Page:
While Syria and Iran are mutually supportive politically, they are very different countries. In many ways the differences are profound. Syrians are Arabs. Iranians are not. Syria is predominantly Sunni. Iran is Shiite. Iran has a long history filled with past glories. Syria does not. Iran is a large country in a strategically important area. Syria is a small country with a role to play in their neighborhood but is not a major player (or a threat) on the world stage.

Before we decided to go to Syria it wasn’t on my radar screen. Having gone there, I now feel a personal relationship with the place and have positive feelings about the country and its people.

Back to Iran. It would be easy to misinterpret what has been going on since the Iranian election on June 12. The opposition is protesting against voting irregularities, not against the Islamic Republic of Iran. In that sense it is not (yet) a revolution. It may be that over time there will be some fundamental changes in how the country is run. But nothing I saw while I was there and nothing I’ve heard since leads me to think that in the foreseeable future there will be a contextual change in what Iranians want for their country.

If Ahmadinejad were gone tomorrow and replaced by someone thought to be more moderate, the fundamentals would not change. If Ayatollah Khamenei were gone tomorrow and replaced by an Ayatollah thought to be more moderate, the fundamentals would not change.

Based on what I took away from our visit, the fundamentals I’m talking about are:

1. Iran’s attitude toward Israel. As long as there is no resolution of the Israeli/Palestinian dispute and a viable Palestinian state is created, Israel will continue to be Iran’s enemy #1. In the absence of such an agreement, even if there were a new Iranian President who toned down his rhetoric and acknowledged the horror of the Holocaust, both the government and the people of Iran would hold Israel responsible for the problems of the Middle East.

2. Support for a nuclear capacity. Most Iranians would support Iran’s right to develop a nuclear capability. They don’t see this issue in terms of building a bomb but about their rights as an IAEA member to follow the same path other members have followed.

3. Preservation of the Islamic Republic, with emphasis on Islamic. Iranians of all political persuasions support Islam and their Shiite faith. This is true even for those who are less than seriously devout.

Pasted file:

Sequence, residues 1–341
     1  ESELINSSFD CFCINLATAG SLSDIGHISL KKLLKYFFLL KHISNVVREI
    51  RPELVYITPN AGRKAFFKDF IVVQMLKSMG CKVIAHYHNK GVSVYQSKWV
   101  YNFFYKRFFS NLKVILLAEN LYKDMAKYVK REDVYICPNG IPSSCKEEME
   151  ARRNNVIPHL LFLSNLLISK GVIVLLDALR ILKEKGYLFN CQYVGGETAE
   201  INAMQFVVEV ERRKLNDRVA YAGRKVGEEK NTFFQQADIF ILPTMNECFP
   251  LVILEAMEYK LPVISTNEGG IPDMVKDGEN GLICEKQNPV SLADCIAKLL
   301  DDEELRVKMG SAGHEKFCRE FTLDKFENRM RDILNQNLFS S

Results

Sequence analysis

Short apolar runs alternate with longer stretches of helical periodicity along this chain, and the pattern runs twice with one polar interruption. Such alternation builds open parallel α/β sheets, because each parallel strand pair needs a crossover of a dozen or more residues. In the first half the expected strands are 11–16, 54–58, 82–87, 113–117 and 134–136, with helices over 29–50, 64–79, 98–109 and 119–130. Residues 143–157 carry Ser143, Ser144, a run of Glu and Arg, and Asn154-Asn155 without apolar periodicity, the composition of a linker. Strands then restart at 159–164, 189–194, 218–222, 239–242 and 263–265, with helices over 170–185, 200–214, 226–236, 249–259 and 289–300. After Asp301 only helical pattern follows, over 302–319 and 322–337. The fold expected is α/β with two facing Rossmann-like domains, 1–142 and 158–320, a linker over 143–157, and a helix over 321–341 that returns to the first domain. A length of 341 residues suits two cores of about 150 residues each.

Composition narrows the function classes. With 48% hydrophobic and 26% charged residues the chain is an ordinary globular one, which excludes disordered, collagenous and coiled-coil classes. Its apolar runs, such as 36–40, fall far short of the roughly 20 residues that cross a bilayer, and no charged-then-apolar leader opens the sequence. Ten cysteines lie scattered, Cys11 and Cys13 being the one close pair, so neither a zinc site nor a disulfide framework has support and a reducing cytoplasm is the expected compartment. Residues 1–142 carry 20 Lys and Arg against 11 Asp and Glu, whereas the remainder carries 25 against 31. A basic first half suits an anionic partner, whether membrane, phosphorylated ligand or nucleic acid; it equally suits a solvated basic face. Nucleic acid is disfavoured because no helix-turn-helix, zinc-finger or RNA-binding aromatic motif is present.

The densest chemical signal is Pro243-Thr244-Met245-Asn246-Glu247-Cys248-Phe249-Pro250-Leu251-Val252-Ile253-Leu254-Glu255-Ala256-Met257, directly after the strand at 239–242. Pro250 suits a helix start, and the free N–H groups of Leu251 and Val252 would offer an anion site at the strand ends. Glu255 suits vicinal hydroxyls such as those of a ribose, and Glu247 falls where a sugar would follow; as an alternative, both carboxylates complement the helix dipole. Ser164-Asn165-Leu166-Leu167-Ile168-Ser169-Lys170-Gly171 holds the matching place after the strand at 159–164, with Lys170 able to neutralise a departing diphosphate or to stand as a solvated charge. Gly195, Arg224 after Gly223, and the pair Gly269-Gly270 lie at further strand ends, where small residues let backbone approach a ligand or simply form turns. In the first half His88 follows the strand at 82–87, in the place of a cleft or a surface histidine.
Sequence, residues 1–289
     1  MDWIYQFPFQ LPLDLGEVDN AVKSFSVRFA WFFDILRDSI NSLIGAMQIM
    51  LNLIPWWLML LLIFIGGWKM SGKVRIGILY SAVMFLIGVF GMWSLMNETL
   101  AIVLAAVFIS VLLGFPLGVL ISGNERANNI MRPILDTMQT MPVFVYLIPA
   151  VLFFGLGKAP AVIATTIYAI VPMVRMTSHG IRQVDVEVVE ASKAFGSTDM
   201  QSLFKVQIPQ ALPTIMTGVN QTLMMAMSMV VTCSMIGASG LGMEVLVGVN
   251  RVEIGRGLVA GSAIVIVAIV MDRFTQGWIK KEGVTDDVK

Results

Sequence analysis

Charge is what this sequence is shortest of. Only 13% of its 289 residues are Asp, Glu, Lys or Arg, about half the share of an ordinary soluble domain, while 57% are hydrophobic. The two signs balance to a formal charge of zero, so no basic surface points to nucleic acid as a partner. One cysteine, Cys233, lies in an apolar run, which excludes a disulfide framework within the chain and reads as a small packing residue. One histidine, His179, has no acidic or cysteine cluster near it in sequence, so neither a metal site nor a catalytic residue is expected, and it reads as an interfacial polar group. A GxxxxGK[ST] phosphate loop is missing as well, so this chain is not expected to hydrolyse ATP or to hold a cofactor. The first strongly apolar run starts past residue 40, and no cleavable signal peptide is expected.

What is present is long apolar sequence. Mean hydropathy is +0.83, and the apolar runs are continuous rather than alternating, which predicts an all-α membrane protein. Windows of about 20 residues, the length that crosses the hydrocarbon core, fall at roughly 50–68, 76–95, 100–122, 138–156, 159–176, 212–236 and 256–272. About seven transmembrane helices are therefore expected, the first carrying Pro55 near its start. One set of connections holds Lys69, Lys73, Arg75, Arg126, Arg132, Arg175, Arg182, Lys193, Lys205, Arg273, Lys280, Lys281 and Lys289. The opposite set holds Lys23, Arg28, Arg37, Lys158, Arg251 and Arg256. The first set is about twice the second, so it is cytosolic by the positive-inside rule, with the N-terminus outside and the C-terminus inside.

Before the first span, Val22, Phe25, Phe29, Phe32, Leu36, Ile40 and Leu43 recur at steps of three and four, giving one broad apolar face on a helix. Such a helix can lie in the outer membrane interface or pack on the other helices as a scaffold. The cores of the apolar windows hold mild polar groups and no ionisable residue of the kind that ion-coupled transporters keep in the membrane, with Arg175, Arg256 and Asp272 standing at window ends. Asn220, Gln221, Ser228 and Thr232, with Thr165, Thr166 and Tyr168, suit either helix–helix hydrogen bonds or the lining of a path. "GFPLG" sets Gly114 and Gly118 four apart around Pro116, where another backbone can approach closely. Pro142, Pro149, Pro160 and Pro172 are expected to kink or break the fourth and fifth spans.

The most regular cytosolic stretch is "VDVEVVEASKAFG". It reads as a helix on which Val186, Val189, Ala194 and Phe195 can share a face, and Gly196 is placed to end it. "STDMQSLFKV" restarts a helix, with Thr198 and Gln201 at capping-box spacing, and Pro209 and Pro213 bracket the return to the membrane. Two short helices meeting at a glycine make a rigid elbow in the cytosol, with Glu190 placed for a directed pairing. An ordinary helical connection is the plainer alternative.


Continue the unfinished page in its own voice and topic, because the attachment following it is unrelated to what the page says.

4. A disdain toward Arabs. That Iran shares many of the political and social goals of Arab states does not lessen the historical enmity Persians feel toward their ‘second class’ cousins, especially Saudi Arabians.

5. Pride. Iranians are a bit (some would say more than a bit) snobbish. They are extremely proud of their heritage and culture. They love their language, their food and their landscape. They take enormous pride in being hospitable.

6. Commitment to family and children. Every day we saw evidence of how much Iranians love and care for those close to them.

Probably one of the reasons we felt so comfortable and safe in Iran is because the people make a clear distinction between a government and its people. They didn’t hide their negative feelings toward the US Government, at least under Bush, but they didn’t blame us. Quite the reverse. They know that they are not necessarily representative of their government. They represent themselves. And that’s how they saw us.

They were very positive about Obama. They accepted the premise that he offered hope for a new and better day. They seemed to relish the idea that they could be friends with the United States – government as well as people.

It’s not likely I would have made this trip without years of gentle prodding on the part of the Lovely Ms. Marsh. I was interested enough to put it on our “To Go” list, but not interested enough to make it a “Must Go.” Sandra was passionate about it. I’m glad she persisted. I now feel a kinship with and compassion for the people of Iran. I’m concerned about them and confident that in the end they’ll be able to take care of themselves.

I hope you have a chance to visit Iran someday. But maybe you should wait a little while before you go.